During the eight days of Hanukkah the custom is to light every evening another candle on the Hanukkah candelabrum, which is better known by its Hebrew name cha•nu•ki•ya.
The Hanukkah me•no•rah or cha•nu•ki•yah, is a nine-branched candelabrum lit during the eight-day holiday of Hanukkah, as opposed to the seven-branched menorah used in the ancient Temple, and during sabbath eve nowadays in Jewish homes. The term ‘chanukkiyah’ was coined at the end of the nineteenth century in Jerusalem by the wife of Eliezer Ben Yehuda, the reviver of the Hebrew language.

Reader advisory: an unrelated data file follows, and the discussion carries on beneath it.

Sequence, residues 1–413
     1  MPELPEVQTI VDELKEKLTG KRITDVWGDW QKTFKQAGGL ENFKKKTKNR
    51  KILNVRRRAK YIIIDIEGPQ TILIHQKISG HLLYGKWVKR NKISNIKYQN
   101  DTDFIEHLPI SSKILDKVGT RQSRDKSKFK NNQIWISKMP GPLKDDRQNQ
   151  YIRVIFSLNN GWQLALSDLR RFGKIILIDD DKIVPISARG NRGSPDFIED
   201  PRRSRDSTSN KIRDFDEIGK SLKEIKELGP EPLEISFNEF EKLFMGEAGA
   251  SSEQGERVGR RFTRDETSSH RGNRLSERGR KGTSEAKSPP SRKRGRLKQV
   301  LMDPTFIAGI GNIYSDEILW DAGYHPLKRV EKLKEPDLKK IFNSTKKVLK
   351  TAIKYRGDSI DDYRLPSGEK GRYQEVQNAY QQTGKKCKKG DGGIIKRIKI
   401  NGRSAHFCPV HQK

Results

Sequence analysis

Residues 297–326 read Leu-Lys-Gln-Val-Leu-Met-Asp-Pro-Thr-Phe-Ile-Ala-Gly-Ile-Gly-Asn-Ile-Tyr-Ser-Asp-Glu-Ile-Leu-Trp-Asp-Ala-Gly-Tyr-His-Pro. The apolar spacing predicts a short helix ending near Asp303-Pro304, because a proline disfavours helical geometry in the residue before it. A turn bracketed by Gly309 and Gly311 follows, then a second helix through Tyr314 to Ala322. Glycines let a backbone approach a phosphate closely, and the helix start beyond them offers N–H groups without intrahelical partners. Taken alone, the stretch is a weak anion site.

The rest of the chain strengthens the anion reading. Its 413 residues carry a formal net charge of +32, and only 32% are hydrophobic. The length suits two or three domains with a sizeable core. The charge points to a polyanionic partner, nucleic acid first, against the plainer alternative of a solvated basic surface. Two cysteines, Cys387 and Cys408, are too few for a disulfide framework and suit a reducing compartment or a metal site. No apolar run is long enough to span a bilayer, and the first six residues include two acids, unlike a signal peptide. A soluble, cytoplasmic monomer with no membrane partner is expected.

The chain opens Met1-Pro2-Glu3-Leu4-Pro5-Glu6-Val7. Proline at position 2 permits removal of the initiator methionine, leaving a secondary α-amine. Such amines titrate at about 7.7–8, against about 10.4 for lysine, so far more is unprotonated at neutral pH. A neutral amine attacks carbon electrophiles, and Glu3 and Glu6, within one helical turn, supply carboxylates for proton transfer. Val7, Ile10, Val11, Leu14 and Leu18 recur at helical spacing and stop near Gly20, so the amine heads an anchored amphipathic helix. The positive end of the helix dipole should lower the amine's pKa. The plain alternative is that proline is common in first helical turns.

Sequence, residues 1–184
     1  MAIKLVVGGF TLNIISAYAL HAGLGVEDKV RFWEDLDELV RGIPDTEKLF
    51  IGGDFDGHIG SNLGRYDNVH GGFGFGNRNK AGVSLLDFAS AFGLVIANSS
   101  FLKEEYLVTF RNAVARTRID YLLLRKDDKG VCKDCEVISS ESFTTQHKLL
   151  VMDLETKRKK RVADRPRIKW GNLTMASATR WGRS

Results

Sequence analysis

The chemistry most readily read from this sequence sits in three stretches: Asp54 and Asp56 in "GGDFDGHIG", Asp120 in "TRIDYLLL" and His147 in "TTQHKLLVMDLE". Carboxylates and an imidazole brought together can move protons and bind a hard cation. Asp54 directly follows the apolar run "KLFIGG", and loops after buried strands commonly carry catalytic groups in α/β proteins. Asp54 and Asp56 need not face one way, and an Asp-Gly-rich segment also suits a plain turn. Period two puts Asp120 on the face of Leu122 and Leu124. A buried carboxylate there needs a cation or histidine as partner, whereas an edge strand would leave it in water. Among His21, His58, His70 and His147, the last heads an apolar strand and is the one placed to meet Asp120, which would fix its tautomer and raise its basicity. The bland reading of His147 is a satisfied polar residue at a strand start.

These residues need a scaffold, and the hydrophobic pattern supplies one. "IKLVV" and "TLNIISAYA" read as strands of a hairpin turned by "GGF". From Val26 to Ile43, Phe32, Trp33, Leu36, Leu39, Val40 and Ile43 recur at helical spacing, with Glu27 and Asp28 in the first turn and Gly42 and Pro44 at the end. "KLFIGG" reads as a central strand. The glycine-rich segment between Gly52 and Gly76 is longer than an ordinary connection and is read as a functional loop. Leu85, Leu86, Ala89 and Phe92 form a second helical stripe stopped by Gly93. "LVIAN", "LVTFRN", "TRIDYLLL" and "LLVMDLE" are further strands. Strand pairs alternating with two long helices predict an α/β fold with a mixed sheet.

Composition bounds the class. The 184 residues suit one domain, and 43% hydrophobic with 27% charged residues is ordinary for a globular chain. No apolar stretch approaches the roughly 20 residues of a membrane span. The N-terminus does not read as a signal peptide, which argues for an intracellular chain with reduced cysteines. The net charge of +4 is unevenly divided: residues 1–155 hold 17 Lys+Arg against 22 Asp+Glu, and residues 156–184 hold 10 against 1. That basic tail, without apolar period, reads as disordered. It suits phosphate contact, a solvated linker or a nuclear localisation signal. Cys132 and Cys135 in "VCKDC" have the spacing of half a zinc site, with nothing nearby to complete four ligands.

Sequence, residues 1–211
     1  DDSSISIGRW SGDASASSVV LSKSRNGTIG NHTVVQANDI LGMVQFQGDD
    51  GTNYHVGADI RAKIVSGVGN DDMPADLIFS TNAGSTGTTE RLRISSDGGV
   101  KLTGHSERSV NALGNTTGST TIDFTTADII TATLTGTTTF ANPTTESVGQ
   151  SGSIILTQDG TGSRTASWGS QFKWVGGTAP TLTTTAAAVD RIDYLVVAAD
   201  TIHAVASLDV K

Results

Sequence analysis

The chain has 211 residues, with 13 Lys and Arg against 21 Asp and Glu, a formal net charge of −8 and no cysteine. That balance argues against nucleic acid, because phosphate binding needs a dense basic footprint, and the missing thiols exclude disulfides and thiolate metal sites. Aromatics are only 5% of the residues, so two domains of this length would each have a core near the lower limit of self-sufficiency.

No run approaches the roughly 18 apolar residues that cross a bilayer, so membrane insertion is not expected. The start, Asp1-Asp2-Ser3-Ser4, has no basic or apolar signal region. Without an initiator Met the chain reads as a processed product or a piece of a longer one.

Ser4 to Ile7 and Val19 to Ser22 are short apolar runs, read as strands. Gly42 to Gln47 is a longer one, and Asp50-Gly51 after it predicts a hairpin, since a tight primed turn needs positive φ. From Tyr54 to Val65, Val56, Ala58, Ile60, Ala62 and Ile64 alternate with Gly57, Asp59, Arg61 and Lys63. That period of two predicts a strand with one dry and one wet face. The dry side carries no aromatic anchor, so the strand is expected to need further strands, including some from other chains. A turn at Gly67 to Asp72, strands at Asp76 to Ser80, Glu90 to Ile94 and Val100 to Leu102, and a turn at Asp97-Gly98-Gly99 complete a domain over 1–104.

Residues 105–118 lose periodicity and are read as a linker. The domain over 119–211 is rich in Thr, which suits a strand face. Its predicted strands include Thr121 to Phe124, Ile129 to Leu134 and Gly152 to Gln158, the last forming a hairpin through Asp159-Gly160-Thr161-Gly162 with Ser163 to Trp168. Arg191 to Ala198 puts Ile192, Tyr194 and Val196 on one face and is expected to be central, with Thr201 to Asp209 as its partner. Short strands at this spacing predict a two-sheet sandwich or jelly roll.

On each night of Hanukkah, a new branch is lit in addition to the last day’s candle which is lit again.
The word ‘menorah’ comes from the word ‘or,’ light,’ that we’ve been discussing in the last few days. The name was carried over to modern Hebrew and its use was extended to electrical source of light in addition to the traditional uses. For example, ‘menorat layla’ is term used for a ‘night stand,’
US official menorah kindling and celebrating Hanukkah
Since 1979, the White House has been represented at the lighting of the National Menorah in celebration of Hanukkah, beginning with the attendance of President Jimmy Carter in the ceremony in Lafayette Park. Additionally, beginning with President Bill Clinton in 1993, a Hanukkah menorah is lit at the White House, and in 2001, President George W. Bush began the annual tradition of a White House Hanukkah Party in the White House residence, which includes a menorah candle lighting ceremony.